The journey made him realize that it's not easy to write a book, get it edited, published and marketed with limited resources. He thought why not do something that would help others in the same situation and so Brody Consulting Group was born.
Paul Brody is the founder and CEO of Brody Consulting Group. He works with his clients to write, publish and market their books with a proven system he designed. He is also the host of the Get Published podcast.
We chat about his journey in writing his books and taking them to the best sellers list on his own steam and how that experience catapulted him into the business he leads today.
- [03:32] A health crisis caused Paul to reevaluate his life when his doctor told him if he didn’t lose weight and get his act together, he’d be dead in five years.
- [04:14] He lost the weight, kept the weight off and beat the odds, he wanted to tell the story about his own journey.
- [04:42] He had no idea how to get his story out there or get a book published.
- [05:02] Sitting by the pool at the Mirage in Vegas everything started to flow, opened up his notes app on his phone and sketched out the entire outline for the book. A week later he wrote 20,000 words and that became his first draft.
- [05:39] He spent 8 hours a day learning the publishing side but then he had to figure out the marketing side. He then spent more days learning how to launch a book successfully and how to evolve with a changing market.
- [06:08] A month later, in August he launched the book “Eat Less and Move More.” It became his very first bestseller.
- [06:24] Paul was also a motivational speaker and wanted to write a couple of books based on those seminars, he wrote Motivation 101 and Positivity Attracts. They both became best sellers.
- [06:31] He started having other authors ask to be shown what he did to become successful so early on, how to market and publish their books.
- [06:52] He started coaching people one on one on writing, publishing and marketing their books. Within a year and a half, his company was up and running.
- [07:03] They then expanded into hybrid publishing where they do, done for your publishing services, done for your book marketing and this last year they have added executive ghostwriting.
- [07:31] One book from a health crisis completely changed his life. Everyone has a story you just have to get it out there.
- [08:53] The most typical mistakes that first time authors make is trying to edit their own book.
- [09:51] Always do a final proof even when you have an editor and always read the book out loud.
- [11:06] Paul’s company takes a holistic approach with writers, they don’t pitch ideas, they just want to know about your book, your situation and what you want to get out of it. He tells his clients that it's not a book launch, it’s a product launch.
- [14:23] He tells people that he is a farmer because all he does is plant seeds.
- [15:20] His proven system is breaking down everything into bite-size portions, simplify.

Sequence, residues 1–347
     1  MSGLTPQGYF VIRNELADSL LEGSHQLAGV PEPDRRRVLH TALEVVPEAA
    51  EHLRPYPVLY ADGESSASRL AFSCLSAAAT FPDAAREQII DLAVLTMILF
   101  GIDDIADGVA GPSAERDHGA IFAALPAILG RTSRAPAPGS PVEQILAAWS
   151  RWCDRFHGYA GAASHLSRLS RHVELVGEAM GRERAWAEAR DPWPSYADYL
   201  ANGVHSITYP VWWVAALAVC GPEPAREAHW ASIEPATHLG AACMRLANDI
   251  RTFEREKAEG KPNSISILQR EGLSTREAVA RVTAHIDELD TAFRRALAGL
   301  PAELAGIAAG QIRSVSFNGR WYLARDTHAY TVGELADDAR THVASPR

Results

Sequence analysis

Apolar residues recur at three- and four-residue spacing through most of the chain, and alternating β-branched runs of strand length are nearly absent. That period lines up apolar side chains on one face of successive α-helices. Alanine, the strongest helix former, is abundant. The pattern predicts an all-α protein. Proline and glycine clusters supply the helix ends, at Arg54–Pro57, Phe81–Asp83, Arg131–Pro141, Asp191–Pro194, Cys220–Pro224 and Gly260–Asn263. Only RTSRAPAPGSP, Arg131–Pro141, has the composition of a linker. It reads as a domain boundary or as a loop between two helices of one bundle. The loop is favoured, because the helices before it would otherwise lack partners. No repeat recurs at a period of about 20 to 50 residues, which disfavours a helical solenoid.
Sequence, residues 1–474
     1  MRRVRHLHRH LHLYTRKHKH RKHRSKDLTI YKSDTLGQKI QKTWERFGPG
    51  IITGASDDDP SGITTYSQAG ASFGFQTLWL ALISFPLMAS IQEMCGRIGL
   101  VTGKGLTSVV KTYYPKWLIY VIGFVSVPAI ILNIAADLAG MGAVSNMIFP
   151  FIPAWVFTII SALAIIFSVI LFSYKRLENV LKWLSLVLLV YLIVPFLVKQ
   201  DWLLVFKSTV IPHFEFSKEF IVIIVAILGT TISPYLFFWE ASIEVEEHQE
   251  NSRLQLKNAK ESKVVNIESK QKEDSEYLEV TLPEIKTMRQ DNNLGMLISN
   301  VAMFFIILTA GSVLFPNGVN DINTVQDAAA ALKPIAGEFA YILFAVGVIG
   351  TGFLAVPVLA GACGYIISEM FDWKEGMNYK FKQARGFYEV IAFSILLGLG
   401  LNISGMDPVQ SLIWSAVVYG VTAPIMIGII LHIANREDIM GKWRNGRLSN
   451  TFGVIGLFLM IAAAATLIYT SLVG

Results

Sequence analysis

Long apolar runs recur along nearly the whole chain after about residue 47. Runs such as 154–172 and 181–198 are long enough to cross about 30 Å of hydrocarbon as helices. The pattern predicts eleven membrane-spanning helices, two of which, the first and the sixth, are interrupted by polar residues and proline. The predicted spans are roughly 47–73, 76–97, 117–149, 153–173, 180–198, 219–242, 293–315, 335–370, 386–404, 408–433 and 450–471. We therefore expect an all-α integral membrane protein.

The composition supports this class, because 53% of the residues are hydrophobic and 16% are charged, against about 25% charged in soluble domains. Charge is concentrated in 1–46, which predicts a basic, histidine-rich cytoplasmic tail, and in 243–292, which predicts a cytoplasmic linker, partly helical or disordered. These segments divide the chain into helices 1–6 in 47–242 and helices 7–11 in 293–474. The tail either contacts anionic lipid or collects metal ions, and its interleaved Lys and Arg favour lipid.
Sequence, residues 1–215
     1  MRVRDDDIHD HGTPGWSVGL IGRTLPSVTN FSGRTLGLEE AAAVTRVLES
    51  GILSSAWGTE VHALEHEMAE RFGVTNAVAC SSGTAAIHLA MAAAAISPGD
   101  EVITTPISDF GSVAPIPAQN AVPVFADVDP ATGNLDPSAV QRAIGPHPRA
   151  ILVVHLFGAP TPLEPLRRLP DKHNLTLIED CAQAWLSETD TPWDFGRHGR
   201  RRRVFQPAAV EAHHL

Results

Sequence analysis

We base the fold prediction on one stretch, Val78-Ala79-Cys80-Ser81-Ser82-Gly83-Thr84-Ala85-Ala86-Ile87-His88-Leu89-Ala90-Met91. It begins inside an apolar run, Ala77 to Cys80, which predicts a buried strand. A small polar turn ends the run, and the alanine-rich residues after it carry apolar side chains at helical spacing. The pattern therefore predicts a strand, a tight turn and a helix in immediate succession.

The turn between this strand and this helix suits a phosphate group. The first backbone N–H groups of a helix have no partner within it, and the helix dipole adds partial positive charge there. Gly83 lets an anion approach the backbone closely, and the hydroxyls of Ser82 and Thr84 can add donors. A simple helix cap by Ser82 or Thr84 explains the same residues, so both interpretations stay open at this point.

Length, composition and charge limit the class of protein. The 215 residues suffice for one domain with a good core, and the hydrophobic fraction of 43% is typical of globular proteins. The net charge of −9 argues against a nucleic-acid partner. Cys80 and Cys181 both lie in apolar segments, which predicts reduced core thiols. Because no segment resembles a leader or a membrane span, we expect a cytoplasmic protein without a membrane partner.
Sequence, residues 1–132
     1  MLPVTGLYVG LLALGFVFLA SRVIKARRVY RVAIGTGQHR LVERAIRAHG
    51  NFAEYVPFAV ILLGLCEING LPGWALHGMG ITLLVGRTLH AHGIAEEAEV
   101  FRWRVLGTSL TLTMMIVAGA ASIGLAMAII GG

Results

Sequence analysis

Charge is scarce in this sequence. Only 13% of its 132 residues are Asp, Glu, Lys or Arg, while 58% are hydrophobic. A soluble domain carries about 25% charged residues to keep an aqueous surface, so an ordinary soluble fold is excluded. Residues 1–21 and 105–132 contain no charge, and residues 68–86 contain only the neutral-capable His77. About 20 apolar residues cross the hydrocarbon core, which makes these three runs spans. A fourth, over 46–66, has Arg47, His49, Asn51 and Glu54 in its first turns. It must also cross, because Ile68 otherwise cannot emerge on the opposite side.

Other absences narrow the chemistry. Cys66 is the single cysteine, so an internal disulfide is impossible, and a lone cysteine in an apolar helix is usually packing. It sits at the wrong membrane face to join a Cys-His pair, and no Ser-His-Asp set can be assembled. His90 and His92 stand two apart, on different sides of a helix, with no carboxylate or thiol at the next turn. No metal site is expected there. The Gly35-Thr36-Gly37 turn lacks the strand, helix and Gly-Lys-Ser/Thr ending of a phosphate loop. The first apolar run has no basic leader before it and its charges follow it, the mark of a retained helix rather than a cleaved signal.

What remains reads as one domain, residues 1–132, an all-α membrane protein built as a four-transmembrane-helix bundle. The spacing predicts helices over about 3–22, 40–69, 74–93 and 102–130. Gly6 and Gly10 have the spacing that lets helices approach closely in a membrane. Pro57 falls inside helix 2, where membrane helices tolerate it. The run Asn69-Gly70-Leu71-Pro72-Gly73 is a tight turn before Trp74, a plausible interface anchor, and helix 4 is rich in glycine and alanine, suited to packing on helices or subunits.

- [18:05] Having a great looking professional book cover is very important for a successful book launch.
- [23.37] He never even thought about starting a podcast until people around told him he should spread his knowledge and that it would be a great medium to do that.
- [24:17] He started the podcast Get Published recording one episode a week, went to 5 episodes a week and at one point was doing four episodes a day. They have done 350 episodes in the year since the podcast was launched.
- [26:15] After authors build their platform, having a podcast to get the information out to more people is definitely a great way to get their brand out there.
- [27:33] Social media is a great way to drive brand awareness and push people towards your website to bring that traffic in.
- [30:22] LinkedIn’s sales navigator is something he recommends for the ability to reach out to people and send traffic your way.
- [31:30] The challenge he faces in his business is setting expectations early with clients, making it clear that they are not going to make millions of dollars on the front end with royalties.
- [34:01] You can not be an introvert as an author and expect to sell tons of books, you have to get out there to keep the momentum going.
- [36:24] Online speaking and virtual summits are great ways of getting out there without having to physically be in front of people.
- [38:50] Paul always says he gives his information away for free, clients pay for implementation.
Direct download: WW230.mp3
-- posted at: 7:00am EDT
Fri, 19 July 2019
Why do we sometimes find ourselves in relationships with partners that aren't right? Everybody wants to find joy and love. Being trapped in a relationship that is hurtful or harmful isn't good for your health. The right partner can bring so much joy into your life, but how do you avoid those hurtful and harmful relationships? My guest today is an expert on this topic.